Snow and Ice Removal: Risk Management Advice for Property Owners and Managers

When you have to scrape the frost off of your car’s windshield in the morning or you start to see your breath in the cold, it’s time to prepare for winter in the Northeast. For property owners and managers, this means making sure you have an effective snow and ice removal plan to help reduce the potential for injuries to guests and patrons. It is your responsibility to address potential snow and ice hazards, so it is important to assess your options and be prepared.  

  1. Determine if you’d like to use your own property maintenance staff (option #1) or use a snow removal contractor (option #2). If you choose option #1, make sure that you have adequate staff and proper equipment. If might also be a good idea to have a contractor available on standby, just in case.
  2. If you use a snow removal contractor, obtain a certificate of insurance and review certificates and contracts annually. It’s important to make sure that the contractor has both liability insurance coverage and appropriate limits of insurance. Rose & Kiernan can help if you have any questions regarding the insurance certificates received from the snowplow contractor.  Have your attorney review the terms of any written contracts to understand any harmless and indemnification clauses. Also, make sure that invoices include details of services rendered.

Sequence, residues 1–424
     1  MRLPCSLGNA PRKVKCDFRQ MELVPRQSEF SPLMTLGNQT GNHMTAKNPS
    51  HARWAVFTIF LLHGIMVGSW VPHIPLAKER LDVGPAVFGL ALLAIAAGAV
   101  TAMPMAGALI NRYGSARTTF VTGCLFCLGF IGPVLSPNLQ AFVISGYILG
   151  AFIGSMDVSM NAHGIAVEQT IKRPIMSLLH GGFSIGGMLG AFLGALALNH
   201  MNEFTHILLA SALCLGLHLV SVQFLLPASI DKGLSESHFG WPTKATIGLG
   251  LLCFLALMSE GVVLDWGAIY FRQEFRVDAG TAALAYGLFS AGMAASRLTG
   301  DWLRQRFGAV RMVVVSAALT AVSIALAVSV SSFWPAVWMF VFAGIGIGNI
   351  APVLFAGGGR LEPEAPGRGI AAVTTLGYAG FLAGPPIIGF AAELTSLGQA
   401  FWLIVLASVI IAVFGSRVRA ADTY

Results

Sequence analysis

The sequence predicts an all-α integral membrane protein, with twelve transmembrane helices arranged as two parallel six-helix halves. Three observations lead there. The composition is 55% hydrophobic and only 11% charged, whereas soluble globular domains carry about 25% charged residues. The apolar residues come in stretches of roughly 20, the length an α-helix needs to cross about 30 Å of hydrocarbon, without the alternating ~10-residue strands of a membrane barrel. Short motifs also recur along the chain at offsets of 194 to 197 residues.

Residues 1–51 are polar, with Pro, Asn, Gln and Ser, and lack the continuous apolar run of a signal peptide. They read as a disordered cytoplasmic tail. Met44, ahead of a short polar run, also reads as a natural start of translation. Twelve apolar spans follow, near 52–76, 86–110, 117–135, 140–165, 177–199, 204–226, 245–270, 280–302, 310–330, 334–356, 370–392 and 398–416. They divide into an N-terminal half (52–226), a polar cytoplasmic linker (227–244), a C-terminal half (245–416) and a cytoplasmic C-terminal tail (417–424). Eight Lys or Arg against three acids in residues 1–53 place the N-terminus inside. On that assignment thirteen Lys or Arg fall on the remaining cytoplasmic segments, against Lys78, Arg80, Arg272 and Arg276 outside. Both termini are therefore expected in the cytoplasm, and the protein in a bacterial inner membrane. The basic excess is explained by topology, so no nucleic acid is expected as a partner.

3. Develop and implement a comprehensive written snow and ice removal plan. This plan should include determining who is responsible for carrying out the plan, contractor selection, maintaining snow removal logs, frequency of removal, use of sand and salt and proper claim handling/reporting practices.
  4. Be proactive (not reactive). Actions to consider include posting warning signs in high hazard areas, providing adequate lighting where possible, correcting drainage problems that result in puddles in areas where people walk and removing or providing warnings of hidden hazards that could be accidentally struck by cars or trip pedestrians if covered by snow (curbs, fire hydrants, grates, etc.).
  5. Stay organized. Record removal activities in a log and perform incident investigations promptly. Information that should be included in the log includes the individual’s name, estimated amounts of snowfall, ice buildup, temperature, action taken, date and times, inspection notes and unusual conditions.

Overall, having an effective snow and ice removal plan is a great way to protect your business, employees, customers and the public as temperatures drop this winter. Mitigating risk is always important. In addition, Rose & Kiernan, Inc. can assist with an overview of your specific business insurance policies at each of your locations to understand how your company would be covered.

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